Facts & Fictions about Hearing Loss

If you suspect that you or someone you love is dealing with hearing loss you are probably wondering what to do next. There are a lot of misconceptions around hearing loss that need to be set straight. The biggest one is that hearing loss is not serious. Nothing could be further from the truth. Hearing loss starts as an ear issue but ultimately affects brain function, physical health and emotional well-being. The sooner you identify and treat a hearing loss, the better. Here are a few of dangerous misconceptions about hearing loss and the facts you need to help you take action:

Fiction: Hearing Loss Doesn’t Affect Many People

It is estimated that 466 million people worldwide (5.5% of the population) struggle with disabling hearing loss. This number is expected to rise to 1 in 4 people by 2050. In the U.S. alone 48 million (20% of the population) struggles with hearing loss. 

Fiction: Only the Elderly Have Hearing Loss

Age related hearing loss is the most common cause of hearing loss. One in three people over the age of 65 suffer from hearing loss while one in two over 75 struggle with this issue. While hearing loss is often considered an affliction of the elderly this is not always the case. In fact, due to the misuse of personal listening devices such as MP3 players, hearing loss in a younger generation is on the rise. Currently about 40% of Americans with hearing loss are under the age of 60. 

Fiction:  Sign Language is the Best Way to Communicate with the Hearing Impaired

American Sign Language is a visual gestural language created by deaf people. It is used by approximately 250,000-500,000 North Americans. However, not everyone with hearing loss uses American Sign Language. It is a complicated language that takes years to learn. Many people who experience hearing loss gradually over time, are often not aware that they have a communication issue at all. Instead, many rely on lip reading, facial expression or body language, often without realizing it.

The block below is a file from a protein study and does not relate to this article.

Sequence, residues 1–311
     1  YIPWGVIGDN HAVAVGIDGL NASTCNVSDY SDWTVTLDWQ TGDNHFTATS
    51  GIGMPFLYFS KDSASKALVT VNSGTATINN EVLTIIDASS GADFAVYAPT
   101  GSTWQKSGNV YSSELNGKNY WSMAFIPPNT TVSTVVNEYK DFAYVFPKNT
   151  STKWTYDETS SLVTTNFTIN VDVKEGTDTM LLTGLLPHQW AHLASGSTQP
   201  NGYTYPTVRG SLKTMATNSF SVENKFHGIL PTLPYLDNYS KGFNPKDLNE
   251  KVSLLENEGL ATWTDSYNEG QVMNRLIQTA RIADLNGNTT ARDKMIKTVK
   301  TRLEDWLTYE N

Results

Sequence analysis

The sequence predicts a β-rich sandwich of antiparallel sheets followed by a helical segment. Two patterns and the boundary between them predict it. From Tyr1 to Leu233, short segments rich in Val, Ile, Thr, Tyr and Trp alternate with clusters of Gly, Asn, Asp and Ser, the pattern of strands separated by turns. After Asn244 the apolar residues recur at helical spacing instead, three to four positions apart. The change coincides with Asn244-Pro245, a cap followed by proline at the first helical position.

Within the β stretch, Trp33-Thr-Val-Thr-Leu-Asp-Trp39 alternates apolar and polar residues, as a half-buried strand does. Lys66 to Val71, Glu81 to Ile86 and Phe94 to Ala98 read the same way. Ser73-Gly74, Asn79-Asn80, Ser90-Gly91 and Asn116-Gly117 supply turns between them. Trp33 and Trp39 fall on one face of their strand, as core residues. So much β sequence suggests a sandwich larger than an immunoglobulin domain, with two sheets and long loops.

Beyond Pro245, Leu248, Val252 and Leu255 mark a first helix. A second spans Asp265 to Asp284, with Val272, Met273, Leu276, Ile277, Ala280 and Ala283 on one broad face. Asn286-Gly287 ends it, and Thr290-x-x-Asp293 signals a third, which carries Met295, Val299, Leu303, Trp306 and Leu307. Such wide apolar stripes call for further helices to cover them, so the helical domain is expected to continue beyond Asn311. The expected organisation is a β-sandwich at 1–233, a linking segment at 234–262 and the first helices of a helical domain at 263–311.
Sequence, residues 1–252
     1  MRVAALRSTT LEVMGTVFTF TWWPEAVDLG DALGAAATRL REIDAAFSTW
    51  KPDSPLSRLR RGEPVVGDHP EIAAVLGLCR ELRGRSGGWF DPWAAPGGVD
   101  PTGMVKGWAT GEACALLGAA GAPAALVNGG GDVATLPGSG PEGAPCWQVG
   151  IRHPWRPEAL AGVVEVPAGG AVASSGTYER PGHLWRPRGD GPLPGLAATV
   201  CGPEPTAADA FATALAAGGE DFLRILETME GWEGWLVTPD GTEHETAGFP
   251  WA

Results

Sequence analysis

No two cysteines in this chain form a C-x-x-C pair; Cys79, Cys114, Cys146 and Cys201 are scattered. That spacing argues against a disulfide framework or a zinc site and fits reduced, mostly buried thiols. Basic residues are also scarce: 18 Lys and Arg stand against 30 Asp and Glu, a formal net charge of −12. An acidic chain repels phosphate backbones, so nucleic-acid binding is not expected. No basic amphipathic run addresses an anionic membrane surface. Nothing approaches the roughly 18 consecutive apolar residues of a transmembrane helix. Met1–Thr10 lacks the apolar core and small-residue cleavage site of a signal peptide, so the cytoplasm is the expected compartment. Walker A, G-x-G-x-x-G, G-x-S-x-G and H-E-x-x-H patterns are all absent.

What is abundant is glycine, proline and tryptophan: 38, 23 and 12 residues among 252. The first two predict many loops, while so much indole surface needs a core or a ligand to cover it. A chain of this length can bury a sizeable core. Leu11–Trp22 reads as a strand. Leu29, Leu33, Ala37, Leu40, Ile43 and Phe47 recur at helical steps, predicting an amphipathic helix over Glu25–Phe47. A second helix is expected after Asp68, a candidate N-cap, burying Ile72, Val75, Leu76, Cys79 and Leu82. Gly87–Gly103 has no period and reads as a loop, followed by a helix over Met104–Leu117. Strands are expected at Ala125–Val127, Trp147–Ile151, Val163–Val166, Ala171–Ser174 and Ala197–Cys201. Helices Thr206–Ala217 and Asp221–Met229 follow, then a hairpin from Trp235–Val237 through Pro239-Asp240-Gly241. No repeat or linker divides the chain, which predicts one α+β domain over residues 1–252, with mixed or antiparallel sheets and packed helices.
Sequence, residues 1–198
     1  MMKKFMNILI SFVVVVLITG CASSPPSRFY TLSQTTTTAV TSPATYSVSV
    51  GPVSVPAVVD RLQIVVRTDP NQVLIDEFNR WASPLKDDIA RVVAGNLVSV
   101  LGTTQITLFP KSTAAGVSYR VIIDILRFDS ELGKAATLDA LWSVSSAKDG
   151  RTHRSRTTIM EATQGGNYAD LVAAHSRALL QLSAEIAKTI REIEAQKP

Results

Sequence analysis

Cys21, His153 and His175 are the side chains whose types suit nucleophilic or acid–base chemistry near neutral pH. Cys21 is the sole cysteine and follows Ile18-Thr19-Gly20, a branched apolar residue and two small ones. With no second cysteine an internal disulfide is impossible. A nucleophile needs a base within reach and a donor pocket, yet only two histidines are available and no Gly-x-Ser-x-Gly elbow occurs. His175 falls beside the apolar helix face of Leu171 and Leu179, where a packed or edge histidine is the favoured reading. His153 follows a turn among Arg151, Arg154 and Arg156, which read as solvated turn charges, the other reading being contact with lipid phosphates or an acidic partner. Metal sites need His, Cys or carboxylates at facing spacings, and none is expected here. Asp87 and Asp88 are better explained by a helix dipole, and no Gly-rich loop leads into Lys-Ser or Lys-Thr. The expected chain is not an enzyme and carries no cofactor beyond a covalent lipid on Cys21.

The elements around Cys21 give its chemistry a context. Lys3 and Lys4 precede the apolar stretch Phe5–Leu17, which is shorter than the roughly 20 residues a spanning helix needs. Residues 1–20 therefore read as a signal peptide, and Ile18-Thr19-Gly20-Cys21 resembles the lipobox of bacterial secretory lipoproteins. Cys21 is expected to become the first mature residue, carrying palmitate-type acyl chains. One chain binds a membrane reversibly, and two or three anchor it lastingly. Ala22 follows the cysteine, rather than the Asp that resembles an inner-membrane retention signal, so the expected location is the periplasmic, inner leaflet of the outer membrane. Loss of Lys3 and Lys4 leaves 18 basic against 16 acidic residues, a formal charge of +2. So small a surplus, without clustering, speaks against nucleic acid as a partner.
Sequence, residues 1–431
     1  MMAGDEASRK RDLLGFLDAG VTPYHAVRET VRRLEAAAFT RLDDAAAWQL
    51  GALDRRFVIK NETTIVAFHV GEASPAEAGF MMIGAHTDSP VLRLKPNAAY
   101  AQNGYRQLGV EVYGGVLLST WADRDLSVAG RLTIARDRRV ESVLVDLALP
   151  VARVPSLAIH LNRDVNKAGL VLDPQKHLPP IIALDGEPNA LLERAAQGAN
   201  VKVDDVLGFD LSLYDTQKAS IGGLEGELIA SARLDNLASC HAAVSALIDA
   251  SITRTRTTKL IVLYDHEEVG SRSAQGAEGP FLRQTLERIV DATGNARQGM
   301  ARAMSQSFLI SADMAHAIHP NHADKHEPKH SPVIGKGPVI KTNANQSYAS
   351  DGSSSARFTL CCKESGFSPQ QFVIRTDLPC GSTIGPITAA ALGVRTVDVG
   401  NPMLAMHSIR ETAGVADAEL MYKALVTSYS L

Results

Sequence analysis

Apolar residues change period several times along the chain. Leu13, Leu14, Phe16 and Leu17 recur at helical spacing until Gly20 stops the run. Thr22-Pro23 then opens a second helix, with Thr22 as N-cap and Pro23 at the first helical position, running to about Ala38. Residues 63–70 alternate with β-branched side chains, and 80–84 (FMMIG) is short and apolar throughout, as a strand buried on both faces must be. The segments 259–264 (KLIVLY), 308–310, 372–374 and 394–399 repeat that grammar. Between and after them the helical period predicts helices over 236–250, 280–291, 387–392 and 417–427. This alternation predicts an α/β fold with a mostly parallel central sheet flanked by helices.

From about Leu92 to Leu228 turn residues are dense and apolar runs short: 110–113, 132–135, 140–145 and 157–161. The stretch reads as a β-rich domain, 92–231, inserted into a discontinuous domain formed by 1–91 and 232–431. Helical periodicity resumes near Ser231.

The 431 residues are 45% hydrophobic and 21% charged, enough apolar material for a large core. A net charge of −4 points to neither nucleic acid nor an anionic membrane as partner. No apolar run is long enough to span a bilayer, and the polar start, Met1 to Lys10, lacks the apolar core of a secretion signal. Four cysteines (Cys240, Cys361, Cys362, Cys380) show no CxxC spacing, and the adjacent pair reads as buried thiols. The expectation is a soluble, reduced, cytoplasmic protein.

Fiction: Your Hearing Loss was Caused by Rock Concerts or Arena Sports

It is true that exposure to sound over a certain decibel threshold directly can injure your ears. However, there are several other ways to damage your hearing without ever exposing your ears to an excess of noise. Certain medications and chemicals are considered ototoxic and can damage the tiny hair cells of the inner ear which transmit sound to the brain. Other common causes of hearing damage include, infection, head trauma, tobacco use, diabetes and high blood pressure. Sometimes it’s a combination of many of these factors over the years which contributes to hearing loss.

Fiction: “My hearing loss is not that bad”

If you or someone you love has noticed a hearing loss, then it will certainly become a more serious issue down the road. Treating your hearing loss early, before it is severe can avoid many serious emotional and physical health complications. Untreated hearing loss over the years has been linked to depression, anxiety, social isolation, and cognitive decline. It has also been linked to higher rates of accidents, falls and hospitalizations, as you become less aware of physical space with the decline of the audio sense. Studies have shown that the brain starts to shrink when there is a lack of auditory stimulation. The longer you wait to wear hearing aids, the more your brain must relearn to hear sounds it hasn’t heard in years.  When you first try on hearing aids after decades of hearing loss they may not initially seem as miraculous as you had first hoped. However, with dedication and discipline you can retrain your brain, using hearing aids.

Fiction: Hearing aids are too advanced

The hearing aids of today are miraculous, especially when compared to those of the past. They are also designed to be more user friendly than ever before. You can often program and adjust your hearing aids, using your Smartphone. However, if this feels like too much technology, we are here to help. Let us know what you want or need from your hearing aids and we can help you adjust them remotely. The beauty of technology is that it makes your life easier, and in the case of hearing aids, helps you to hear clearer than ever before.